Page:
Foreign Policy Research Institute A Nation Must Think Before it Acts The Real Problem with the Trump Foreign Policy
The Real Problem with the Trump Foreign Policy

The Real Problem with the Trump Foreign Policy

A shorter version of this essay appears as “The Problem with Trump’s Foreign Policy,” RSIS Commentary 179/2019, 12 September 2019.

Consider this general recent criticism of the Trump administration’s foreign policy from an intelligent and experienced journalist:

In the ocean of international relations, “icebergs” have always popped up that threatened the post-World War II world order and sought to dictate an order based on force rather than decisions by the international community as expressed in UN conventions on issues like occupied territories, human rights, nuclear proliferation and ballistic missiles. These icebergs, usually in the form of tyrants in Africa, Asia and South America, have largely melted. . . in the warm currents of the international community under the leadership of the United States and Western Europe. This has happened even though these leaders too sometimes sinned by using arbitrary force. . . . Donald Trump’s shirking of the U.S. commitment to the international community’s “Gulf Stream” once again leaves international relations to the forces of aggression. The Trump administration even switched sides and became a giant iceberg threatening an ice age on the existing order, which is based on the lessons from the world wars.

The criticism goes on to define this “Gulf Stream,” listing “the three bases of world order—international consensus, international law and UN Security Council resolutions.”

This remark happens to come from a senior Israeli journalist who writes for Ha’aretz, Shaul Arieli, but absent his reference to “occupied territories,” it is generic: It could easily have come from virtually any random, reasonably attentive, observer, journalist, or politician in Western Europe, or from virtually any random academic ensconced in most American university faculties. The problem with the Trump foreign policy, in short, is that it spurns the norms, multilateral institutions and legal apparatus of the “international community.”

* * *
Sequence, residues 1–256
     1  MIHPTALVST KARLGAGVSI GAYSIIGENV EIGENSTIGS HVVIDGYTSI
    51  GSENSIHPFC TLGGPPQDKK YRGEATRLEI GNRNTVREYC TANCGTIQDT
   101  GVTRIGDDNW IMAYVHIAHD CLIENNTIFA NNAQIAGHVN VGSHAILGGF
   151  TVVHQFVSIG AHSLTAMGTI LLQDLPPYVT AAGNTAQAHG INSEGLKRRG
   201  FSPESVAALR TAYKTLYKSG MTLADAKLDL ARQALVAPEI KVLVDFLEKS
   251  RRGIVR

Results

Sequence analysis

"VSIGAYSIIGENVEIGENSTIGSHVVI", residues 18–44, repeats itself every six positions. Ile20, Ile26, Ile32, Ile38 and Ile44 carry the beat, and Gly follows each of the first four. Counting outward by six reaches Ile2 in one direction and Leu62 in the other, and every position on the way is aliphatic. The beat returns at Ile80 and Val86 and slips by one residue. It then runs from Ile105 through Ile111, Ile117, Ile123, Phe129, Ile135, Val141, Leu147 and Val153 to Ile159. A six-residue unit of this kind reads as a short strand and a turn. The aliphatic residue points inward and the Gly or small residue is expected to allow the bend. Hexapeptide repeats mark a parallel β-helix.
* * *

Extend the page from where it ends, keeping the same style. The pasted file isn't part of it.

This view, which goes under the general label of “liberal internationalism,” is today the default template of what passes for the Western intelligentsia—and indeed, one reason that this intelligentsia is understood to be “liberal” is because it takes this view. (The domestic and cultural components of what define “liberal” are not irrelevant here; the dance they all do together is important, but will not detain us.) The liberal internationalist template is not without many critics in the West, notably among policy-oriented scholars and, especially, practitioners of statecraft and diplomacy. Neither is it a monolithic point of view; several variations defined mainly by the scope of their claims may be discerned.

Whatever the variations, however, the view itself is fundamentally in error; indeed, not a single sentence in Arieli’s foregoing description of the sources and nature of international order is fully accurate. The error also shows in the logical presumption that since the Obama administration did not spurn those norms and institutions during the preceding eight years, everything was just fine during that period. That is a hard argument to make with a straight face.